The Origins of David Hume's Economics

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Overview

The book covers Hume’s biographical development; his self appraisal as a 'man of letters’; his philosophical writings with emphasis on their direct and indirect economic content; his self-aware criticism of his approach to the Treatise and the development of his rhetorical understanding of the needs/interests of his readers/potential readers; his rhetorical turn and Ciceronian adjustments to his writing within the genre of the essay, including his two Enquiries; his political essays and his nine essays conventionally classified as economic. The work aims to show how the Treatise and its vicissitudes gave rise to his economics.

The work takes a broad approach to Hume and his writings on economic topics from the Treatise, through the Enquires and on to his political and economic essay. The work also explores Hume’s textual method and charts the move from abstruse philosophy to a Ciceronian engagement with social conditions and problems as developed in the Political Discourses. In addition, Hume’s extensive use of analogies is also brought into clearer focus than is found in other texts. Overall, the book will be of great use to both postgraduates and undergraduates alike.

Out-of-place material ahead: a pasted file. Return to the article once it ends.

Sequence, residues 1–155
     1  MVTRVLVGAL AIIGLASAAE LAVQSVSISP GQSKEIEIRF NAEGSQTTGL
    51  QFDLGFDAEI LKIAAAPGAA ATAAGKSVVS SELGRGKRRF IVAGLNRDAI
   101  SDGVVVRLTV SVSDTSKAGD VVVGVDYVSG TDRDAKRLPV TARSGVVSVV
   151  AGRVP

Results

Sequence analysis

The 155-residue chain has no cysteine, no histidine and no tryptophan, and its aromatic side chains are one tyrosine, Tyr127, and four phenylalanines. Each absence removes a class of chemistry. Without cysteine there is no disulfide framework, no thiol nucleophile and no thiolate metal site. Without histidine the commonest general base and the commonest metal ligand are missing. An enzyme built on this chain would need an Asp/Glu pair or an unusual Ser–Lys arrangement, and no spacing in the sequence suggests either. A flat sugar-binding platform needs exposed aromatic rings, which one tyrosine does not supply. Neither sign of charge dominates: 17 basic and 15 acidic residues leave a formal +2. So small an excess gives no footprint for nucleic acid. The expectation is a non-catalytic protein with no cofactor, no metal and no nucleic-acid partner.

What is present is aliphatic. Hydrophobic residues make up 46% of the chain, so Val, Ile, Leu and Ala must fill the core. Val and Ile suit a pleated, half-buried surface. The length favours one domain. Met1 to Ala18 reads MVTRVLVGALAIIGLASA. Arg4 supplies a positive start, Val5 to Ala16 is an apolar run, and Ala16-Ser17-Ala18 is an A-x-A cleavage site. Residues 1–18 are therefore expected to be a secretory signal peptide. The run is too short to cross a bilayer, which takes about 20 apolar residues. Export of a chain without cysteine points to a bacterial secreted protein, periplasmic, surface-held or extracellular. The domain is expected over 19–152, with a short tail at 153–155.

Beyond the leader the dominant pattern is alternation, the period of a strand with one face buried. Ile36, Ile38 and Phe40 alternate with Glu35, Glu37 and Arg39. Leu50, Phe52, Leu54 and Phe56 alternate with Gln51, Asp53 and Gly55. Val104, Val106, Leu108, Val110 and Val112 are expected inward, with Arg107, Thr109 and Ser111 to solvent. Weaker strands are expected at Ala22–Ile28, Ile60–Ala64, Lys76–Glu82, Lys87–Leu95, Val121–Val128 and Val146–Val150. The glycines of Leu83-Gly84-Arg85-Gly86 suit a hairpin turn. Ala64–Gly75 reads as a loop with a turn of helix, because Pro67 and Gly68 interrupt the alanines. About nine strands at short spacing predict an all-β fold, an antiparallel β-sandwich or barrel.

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Product Details

Meet the Author

Dr. Willie Henderson already has a number of monographs published by Routledge in the area of the intellectual history of economics, with growing attention recently paid to Enlightenment writers. His works approach the analysis of economic ideas via context and content with emphasis put on the constructed nature of past economics writing. His background is interdisciplinary and he brings a diverse range of techniques and experience to his scholarly writing.

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Table of Contents

Forward 1. David Hume: A biographical and critical overview 2. Textual thinking 3. Reading the Treatise through the Abstract. 4. The Treatise: Shaping Social and Economic Life 5. Hume’s Social and Moral Economy 6. Hume’s Essays: from popular to political economy 7. Hume and Economic Knowledge 8. Stadial notions and Hume’s influence

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